Showing posts with label Fine Tuning Arguement. Show all posts
Showing posts with label Fine Tuning Arguement. Show all posts

Friday, March 1, 2013

The Fine Tuning Argument

On my blog here I've written several times responding to the Cosmological Argument for god's existence and the various moral arguments, but I've only once written about the Fine Tuning Argument head on. I want to take some time expounding on some of its implications and the problems I think it has in a bit more detail than I previously did.

The Fine Tuning Argument, another staple of my favorite punching bag Dr. Craig, generally states like this:

1. The fine tuning of the universe is either due to physical necessity, chance or design.
2. Fine tuning is not due to either physical necessity or chance.
3. Therefore, it is due to design.

The Fine Tuning Argument poses what seems to be another tough obstacle for the atheist. The probability that all the elements in the universe would be as meticulously fine tuned to unfathomable levels that would allow life as we know it, are incomprehensibly small. But as scientists tell us, events that are extremely improbable happen all the time.

1. First I always like to use the probability of me being born as an example of chance. What is the probability that I would've been born? Well first my father and mother had to meet, that took some chance. I then had to have been conceived from one particular sperm cell and egg. The chances of that are extremely rare when considering that every time a man ejaculates, as much as 100 million sperm cells are thrust outward and only one will fertilize the woman's egg - and that's if fertilization even happens at all. The chances of me being conceived just considering that one specific time when my parents tried to conceive a child, and not even considering all their other attempts, is about 1 in 100 million. When you factor in all the other attempts at conceiving a child, combined with the probability of the circumstances that lead up to their decision and attempt to conceive a child, already the mathematical odds are stupendous. 

Then you have to multiply this to the chances of each of my parents being conceived and the circumstances that lead up to that event, and then do the same to their parents, and their parents, all the way back literally to the very first form of life some 4 billion years ago. The odds of this happening are unfathomable. Everyone alive today is the product of an unbroken chain of births, billions of generations in the making. The chances that any one of my distant relatives would have had a different offspring that wouldn't have been one of my ancestors, would have always been much more probable. And yet of course if this had happened, I wouldn't have ever been born, and yet I exist and I'm real. What are the chances of that?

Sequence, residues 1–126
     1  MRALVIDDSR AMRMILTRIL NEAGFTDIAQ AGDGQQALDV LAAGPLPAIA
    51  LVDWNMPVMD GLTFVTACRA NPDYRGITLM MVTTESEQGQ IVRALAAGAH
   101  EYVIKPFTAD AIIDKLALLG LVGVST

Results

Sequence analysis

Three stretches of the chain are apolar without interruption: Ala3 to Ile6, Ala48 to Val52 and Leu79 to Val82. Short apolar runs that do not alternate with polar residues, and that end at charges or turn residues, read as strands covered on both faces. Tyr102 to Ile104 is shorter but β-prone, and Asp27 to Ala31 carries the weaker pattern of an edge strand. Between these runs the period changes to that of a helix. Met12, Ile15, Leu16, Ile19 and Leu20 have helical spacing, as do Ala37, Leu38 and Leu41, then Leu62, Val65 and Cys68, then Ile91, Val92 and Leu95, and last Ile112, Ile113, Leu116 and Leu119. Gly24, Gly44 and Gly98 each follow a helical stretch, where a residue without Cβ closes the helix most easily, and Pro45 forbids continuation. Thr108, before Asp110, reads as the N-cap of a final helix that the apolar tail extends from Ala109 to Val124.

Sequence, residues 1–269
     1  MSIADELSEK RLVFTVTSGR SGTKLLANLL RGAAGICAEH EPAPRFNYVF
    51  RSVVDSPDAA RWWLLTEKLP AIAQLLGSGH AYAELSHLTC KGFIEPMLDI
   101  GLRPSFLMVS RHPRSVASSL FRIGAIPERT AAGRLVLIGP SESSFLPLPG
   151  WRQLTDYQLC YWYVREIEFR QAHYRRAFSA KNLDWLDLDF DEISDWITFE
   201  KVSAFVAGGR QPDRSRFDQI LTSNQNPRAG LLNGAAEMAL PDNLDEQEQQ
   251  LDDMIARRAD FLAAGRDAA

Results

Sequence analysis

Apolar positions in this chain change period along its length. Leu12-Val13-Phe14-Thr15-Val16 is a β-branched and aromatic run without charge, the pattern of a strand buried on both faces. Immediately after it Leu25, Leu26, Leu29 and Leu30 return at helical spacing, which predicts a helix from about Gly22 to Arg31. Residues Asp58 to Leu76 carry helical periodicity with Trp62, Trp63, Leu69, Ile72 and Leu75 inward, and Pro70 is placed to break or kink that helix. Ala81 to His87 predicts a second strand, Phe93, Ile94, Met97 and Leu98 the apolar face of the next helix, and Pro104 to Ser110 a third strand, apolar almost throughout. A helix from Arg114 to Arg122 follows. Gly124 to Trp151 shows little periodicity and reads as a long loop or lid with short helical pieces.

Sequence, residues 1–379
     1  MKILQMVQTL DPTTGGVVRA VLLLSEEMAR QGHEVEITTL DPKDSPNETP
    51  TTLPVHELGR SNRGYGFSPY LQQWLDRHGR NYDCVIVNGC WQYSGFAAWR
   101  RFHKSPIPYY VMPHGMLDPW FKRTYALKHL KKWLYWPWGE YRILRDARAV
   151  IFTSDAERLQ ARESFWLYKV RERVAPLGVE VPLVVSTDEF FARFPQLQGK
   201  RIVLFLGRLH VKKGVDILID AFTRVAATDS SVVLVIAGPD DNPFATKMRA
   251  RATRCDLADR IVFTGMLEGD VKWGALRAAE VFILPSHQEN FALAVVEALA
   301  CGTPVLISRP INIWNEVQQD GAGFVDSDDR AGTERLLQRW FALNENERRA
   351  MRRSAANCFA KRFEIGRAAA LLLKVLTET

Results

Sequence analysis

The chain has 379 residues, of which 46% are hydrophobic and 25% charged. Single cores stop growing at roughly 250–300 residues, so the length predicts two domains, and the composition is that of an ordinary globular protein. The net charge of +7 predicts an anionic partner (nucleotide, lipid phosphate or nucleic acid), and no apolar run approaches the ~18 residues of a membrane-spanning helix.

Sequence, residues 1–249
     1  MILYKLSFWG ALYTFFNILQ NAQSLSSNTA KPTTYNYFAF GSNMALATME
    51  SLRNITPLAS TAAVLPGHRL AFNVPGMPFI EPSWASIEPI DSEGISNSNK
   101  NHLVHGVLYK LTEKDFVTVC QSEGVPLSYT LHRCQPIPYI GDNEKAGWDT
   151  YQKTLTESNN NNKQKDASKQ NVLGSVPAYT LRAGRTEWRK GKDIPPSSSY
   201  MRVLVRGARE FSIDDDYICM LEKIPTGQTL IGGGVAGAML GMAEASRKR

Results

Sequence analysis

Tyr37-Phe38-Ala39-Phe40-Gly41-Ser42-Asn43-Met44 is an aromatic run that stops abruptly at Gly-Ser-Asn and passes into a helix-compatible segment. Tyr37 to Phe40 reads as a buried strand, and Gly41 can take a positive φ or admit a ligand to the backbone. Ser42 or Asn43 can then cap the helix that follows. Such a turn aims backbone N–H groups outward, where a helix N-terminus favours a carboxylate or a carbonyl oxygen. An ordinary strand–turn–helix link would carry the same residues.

So events that are extremely odd can happen all the time even when the odds against them are much more probable. But even this answer doesn't satisfy all the critics, so let me give a few others.

Monday, February 22, 2010

The fine tuning argument from creationists..destoyed

Creationists have the fine tuning argument that states that the fine tuning of the universe, the creation of the elements and compounds such as hydrogen and helium into the heavier elements and the distance of our Earth from the Sun all happened just the right way, so there must be a God who fine tuned it that way.

Now I say to that, first of all of coarse it's all just right or else we wouldn't be here to notice it. Second, why would an all-powerful God need to fine tune a universe anyway? Is God bound by the laws of physics? God can create complex intelligent life on the Sun if he wanted to, right? He is all powerful.

If the universe wasn't fine tuned for life and yet still produced it then I would say creationists would have a much stronger argument for there being a supernatural God with powers beyond any mortal belief who uses his powers to create and sustain that life in spite of there not existing the right conditions for it.

This is why I think that the fine tuning argument falls apart. Of course it alone doesn't disprove the existence of God, but it cuts a hole in the creationist's position on the order that which our universe appears to have. Take away one element from the early universe, or change the expansion of the universe by a minute fraction and it would not have produced the universe we know with stars and planets and of I can't believe a God would have to expand the universe at a precise rate, couldn't he just do whatever he wanted?


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